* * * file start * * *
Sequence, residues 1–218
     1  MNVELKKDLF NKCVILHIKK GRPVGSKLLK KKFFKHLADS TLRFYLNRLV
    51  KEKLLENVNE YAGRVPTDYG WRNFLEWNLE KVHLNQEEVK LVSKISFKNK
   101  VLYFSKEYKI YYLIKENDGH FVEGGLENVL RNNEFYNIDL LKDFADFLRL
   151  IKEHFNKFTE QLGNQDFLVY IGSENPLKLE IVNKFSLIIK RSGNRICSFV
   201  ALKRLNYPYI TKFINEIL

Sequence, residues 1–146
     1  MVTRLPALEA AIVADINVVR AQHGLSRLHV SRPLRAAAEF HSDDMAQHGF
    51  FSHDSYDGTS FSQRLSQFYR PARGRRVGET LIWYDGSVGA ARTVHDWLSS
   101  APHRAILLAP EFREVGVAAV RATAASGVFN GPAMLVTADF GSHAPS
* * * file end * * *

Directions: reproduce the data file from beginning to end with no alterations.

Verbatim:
Sequence, residues 1–218
     1  MNVELKKDLF NKCVILHIKK GRPVGSKLLK KKFFKHLADS TLRFYLNRLV
    51  KEKLLENVNE YAGRVPTDYG WRNFLEWNLE KVHLNQEEVK LVSKISFKNK
   101  VLYFSKEYKI YYLIKENDGH FVEGGLENVL RNNEFYNIDL LKDFADFLRL
   151  IKEHFNKFTE QLGNQDFLVY IGSENPLKLE IVNKFSLIIK RSGNRICSFV
   201  ALKRLNYPYI TKFINEIL

Sequence, residues 1–146
     1  MVTRLPALEA AIVADINVVR AQHGLSRLHV SRPLRAAAEF HSDDMAQHGF
    51  FSHDSYDGTS FSQRLSQFYR PARGRRVGET LIWYDGSVGA ARTVHDWLSS
   101  APHRAILLAP EFREVGVAAV RATAASGVFN GPAMLVTADF GSHAPS